Jimmy Kimmel Blames Donald Trump For His Show's Drop In Viewership

For all his mocking of rival politicians, Donald Trump has never been fond of being the brunt of jokes himself. During his presidency, he always found time to sound off against comedians who poked fun at him. He criticized an "unwatchable" episode of "SNL," saying "the Baldwin impersonation just can't get any worse" (per Today) and called Kathy Griffin "sick" for an admittedly tasteless photo featuring a bloody mask of his head (via The Washington Post). Some of his biggest barbs have been pointed at late-night talk-show hosts, such as the time he said Stephen Colbert "has no talent," Seth Meyers was "a zero," and Jimmy Kimmel, host of "Jimmy Kimmel Live!," a "wacko 'last placer'" (via USA Today).

Undaunted by the name-calling, Kimmel has continued to give as good as he gets. When Trump recently bragged of having "destroyed the ratings of late night comedy shows" on his Truth Social feed, Kimmel responded on the show by quipping, "I didn't even see it, that's how badly his social media platform is doing ... And as far as ratings go, on behalf of my fellow late night talk show hosts — Jimmy, Stephen, Seth and I — we've been on for a total of 58 seasons and counting; your presidency got canceled after one" (per The New York Times). Still, the former president nearly had the last laugh on Kimmel when network brass got involved a few years back.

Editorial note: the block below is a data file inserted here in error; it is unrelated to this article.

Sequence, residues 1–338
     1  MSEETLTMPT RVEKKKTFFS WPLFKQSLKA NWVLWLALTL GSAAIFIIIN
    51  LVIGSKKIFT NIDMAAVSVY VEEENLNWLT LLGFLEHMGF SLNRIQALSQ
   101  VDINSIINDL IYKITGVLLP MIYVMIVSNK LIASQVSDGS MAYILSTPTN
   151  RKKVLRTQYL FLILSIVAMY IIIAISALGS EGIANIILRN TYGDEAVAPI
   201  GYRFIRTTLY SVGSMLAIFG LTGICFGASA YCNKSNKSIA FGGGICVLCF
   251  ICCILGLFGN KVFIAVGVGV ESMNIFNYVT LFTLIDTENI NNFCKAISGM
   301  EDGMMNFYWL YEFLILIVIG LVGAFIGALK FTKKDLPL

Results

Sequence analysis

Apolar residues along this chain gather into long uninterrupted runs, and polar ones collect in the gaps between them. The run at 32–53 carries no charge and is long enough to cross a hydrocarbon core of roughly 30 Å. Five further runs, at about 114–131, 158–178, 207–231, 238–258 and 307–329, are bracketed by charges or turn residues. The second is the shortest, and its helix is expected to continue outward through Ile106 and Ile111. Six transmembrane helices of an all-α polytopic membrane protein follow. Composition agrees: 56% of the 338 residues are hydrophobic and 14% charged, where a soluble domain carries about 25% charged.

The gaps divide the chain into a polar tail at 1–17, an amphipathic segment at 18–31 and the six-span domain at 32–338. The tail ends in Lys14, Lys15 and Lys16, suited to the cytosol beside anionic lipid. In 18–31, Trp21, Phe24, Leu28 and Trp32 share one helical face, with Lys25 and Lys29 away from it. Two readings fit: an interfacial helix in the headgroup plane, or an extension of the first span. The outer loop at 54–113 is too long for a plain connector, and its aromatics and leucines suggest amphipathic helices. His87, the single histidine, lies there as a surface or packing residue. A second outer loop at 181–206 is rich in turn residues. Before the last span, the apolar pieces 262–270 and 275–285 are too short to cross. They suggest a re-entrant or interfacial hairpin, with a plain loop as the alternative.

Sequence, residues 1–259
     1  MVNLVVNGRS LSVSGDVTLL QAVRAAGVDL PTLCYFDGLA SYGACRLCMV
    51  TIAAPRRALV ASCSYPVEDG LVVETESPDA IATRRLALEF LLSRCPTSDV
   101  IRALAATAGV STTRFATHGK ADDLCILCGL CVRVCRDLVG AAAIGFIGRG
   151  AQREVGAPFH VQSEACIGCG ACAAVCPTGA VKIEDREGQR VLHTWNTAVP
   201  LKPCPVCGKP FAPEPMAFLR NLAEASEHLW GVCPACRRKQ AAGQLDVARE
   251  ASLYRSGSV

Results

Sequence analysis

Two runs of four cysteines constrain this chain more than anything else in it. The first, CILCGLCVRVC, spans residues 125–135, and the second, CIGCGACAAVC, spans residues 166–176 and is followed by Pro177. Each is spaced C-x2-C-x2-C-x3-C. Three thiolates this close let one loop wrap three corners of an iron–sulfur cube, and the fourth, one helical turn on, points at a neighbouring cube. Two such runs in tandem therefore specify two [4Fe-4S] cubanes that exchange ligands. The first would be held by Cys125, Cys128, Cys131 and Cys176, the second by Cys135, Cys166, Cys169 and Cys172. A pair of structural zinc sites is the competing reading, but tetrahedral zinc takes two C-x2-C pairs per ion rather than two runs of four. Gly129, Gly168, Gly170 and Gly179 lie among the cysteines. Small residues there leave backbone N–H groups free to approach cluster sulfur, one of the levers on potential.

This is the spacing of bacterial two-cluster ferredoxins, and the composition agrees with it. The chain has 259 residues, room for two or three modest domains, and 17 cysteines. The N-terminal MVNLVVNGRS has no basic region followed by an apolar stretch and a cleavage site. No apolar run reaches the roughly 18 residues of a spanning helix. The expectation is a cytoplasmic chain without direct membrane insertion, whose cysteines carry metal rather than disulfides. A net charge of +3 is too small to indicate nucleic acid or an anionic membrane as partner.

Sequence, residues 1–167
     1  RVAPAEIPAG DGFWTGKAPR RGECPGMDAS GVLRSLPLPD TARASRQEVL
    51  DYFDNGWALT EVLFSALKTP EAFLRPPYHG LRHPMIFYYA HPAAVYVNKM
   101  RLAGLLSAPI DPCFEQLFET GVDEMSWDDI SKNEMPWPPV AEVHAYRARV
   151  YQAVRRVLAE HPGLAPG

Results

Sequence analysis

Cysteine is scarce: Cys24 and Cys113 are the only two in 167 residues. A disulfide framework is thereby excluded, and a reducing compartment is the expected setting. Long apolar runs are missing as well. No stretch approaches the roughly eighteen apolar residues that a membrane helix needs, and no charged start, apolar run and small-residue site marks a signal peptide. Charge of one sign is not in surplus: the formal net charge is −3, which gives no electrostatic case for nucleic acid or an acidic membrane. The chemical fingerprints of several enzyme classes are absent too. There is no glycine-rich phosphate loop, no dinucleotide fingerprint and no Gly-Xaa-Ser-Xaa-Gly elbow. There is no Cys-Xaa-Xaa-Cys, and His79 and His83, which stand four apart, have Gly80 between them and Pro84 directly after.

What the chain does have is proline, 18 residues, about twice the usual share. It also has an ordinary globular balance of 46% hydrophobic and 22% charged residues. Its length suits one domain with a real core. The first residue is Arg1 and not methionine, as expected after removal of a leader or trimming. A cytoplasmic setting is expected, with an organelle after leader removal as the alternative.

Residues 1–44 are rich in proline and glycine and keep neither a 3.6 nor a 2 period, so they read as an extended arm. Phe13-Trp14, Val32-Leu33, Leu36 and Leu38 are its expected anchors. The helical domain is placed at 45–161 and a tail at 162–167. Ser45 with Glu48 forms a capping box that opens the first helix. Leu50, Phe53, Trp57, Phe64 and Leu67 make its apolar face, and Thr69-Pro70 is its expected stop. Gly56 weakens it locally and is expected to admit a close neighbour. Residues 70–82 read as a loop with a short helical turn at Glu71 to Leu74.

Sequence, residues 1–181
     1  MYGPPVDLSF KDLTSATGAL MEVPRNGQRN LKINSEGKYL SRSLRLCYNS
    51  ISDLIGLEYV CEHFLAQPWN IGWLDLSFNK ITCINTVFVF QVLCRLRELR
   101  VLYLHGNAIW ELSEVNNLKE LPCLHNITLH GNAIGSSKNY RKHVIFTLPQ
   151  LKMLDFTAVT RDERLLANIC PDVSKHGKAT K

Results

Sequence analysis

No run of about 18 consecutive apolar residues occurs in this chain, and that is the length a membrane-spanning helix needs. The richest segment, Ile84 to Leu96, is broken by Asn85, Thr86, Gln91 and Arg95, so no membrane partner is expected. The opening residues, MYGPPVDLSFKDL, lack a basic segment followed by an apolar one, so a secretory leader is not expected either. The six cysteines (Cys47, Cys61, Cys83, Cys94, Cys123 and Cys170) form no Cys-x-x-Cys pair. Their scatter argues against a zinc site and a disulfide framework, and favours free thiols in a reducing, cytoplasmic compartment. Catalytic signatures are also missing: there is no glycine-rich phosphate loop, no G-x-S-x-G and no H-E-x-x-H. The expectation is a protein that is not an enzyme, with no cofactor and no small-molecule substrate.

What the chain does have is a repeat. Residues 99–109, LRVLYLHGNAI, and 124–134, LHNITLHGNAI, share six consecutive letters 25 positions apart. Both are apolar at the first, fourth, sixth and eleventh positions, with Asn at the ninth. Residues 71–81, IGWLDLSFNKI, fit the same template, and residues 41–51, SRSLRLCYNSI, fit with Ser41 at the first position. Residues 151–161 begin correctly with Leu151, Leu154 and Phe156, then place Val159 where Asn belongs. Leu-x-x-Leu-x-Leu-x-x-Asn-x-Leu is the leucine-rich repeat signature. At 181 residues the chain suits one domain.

Jimmy Kimmel's Trump jokes nearly cost him his job

On the November 3 episode of the "Naked Lunch" podcast (seen here on YouTube), Jimmy Kimmel chatted with hosts Phil Rosenthal and David Wild about Donald Trump's future. "I want to be there when Donald Trump goes to jail," he declared. But what you might not know about Donald Trump is that he almost got Kimmel off the air. Although the talk show was reportedly a hit with Republicans before the Trump administration, ratings dropped sharply once Trump took office and became a frequent subject of Kimmel's biting monologues. ABC producers asked Kimmel to ease up on the political jokes, and he pushed back.

"I said, 'listen, I get it, you're right. I have lost half of my fanbase, maybe more,'" Kimmel recalled (via People). "I said, 'If that's what you want to do, I understand and I don't begrudge you for it, but I'm not going to do that. So if you want someone else to host the show, that's fine, that's okay with me. I'm just not going to do it like that.' And they were like, 'Yeah, all right.'" Kimmel added that "I couldn't live with myself" if he had to stifle his feelings about the administration. The long-time host feels a kinship with Stephen Colbert, Jimmy Fallon, and other late-night hosts who also believe in mixing politics and humor. "I feel proud to be a part of this group," he told the podcasters.